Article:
On January 21 and 22 teachers from across the country attended Designing Making Experiences, our staple professional development two-day workshop. One attendee, Sarah Purdy, was kind enough to answer some ouf our questions.
Name: Sarah Purdy
School: Lighthouse Community Charter School
Subject: High School Humanities
Professional Development Attended: Designing Making Experiences- January 21 and 22
1. Describe your previous experience with making and Agency by Design.
Making is a significant part of the culture in our high school so I have been fortunate to volunteer at Maker Faire and observe many of my students experience the soft and hard skill development of making. However, despite good intentions, I had struggled to see how to integrate Making experiences into an upper-level Humanities classroom.
Before attending the Agency by Design training, I was familiar with many of the thinking frameworks like Connect, Extend, Challenge and had started to use the routines in my classroom when synthesizing an activity like How a Bill becomes a law.
2. What were your initial expectations for the workshop?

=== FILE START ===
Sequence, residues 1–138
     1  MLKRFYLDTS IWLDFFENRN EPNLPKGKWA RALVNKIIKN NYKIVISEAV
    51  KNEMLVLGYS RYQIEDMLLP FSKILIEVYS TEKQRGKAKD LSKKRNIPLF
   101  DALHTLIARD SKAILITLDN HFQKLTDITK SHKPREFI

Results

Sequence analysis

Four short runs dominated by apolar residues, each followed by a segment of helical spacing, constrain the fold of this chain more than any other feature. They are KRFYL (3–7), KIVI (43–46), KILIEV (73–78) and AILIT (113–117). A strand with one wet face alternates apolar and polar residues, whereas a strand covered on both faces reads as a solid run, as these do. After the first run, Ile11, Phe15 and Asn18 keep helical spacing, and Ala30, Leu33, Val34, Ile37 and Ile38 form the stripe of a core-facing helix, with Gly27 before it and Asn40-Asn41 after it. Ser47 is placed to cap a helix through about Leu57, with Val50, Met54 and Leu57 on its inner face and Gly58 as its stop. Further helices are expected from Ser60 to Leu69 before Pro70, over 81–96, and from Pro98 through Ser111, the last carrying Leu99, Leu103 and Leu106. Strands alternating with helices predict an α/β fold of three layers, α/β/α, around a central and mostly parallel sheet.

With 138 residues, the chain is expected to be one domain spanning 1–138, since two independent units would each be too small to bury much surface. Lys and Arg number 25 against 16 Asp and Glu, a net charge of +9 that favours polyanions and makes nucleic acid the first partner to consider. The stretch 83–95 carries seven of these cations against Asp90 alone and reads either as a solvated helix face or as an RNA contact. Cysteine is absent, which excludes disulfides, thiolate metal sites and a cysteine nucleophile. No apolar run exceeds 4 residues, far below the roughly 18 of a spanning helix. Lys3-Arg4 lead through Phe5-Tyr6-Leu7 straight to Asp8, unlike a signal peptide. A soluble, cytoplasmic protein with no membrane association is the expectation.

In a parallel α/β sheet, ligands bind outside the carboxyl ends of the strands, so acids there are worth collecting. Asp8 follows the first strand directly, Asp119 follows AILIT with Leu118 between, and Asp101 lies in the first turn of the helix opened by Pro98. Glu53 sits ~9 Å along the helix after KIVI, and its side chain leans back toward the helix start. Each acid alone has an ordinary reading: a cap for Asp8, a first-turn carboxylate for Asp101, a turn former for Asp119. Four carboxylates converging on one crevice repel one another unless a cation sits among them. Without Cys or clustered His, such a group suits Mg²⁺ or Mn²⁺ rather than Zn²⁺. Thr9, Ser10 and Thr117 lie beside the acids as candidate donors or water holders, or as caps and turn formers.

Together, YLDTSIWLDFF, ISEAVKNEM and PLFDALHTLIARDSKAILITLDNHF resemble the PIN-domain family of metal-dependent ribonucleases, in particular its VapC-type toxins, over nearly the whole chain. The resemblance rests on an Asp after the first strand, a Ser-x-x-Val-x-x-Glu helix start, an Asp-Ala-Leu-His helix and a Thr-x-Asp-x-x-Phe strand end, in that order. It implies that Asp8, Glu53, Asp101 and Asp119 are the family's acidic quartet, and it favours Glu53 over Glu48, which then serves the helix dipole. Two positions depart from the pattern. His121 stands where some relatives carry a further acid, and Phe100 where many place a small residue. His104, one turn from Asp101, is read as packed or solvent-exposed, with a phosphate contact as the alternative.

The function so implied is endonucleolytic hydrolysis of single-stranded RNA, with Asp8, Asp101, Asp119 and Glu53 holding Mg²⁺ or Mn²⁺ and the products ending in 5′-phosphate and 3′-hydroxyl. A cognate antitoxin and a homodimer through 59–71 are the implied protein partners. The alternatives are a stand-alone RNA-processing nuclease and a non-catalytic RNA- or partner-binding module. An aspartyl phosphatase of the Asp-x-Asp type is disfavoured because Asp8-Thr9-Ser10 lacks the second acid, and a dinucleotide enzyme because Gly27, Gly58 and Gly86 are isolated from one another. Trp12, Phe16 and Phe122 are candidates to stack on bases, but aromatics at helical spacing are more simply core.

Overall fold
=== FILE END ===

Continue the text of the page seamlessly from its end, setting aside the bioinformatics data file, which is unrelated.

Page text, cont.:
Initially, I had hoped to create a solid skeleton of a Spring Research Project for the Junior class and learn one to two new strategies.
3. What was the project you worked on?
I created a skeleton framework for a Criminal Justice Expedition in the Spring by using backward planning and Agency by Design thinking frameworks as resources. I also created a mock-up of an upstander propaganda poster by learning how to use the vinyl cutter.
4. What was your favorite part of the two-day workshop?
My favorite part was having time to try on the thinking frameworks and being led through a Design Thinking collaboration brainstorm.
5. What advice would you give to other teachers who are thinking about attending the workshop or incorporating thinking routines into the classroom?
I encourage teachers to attend the training with other colleagues so you have an opportunity to collaborate and have an advocate to support making integration when your return back to your school. As mentioned earlier, I encourage teachers of all grades and disciplines to use these thinking routines.
6. What is your plan going forward? What challenges do you still face?
I plan to use thinking routines as a weekly practice in my classroom and explore how to use them more rigorously and authentically with reading instruction. I hope to use these routines as the basis for the Criminal Justice unit in the Spring. One of the biggest challenges is making sure I scheduled advanced planning sessions before the Expedition begins and to let go of previously created curriculum.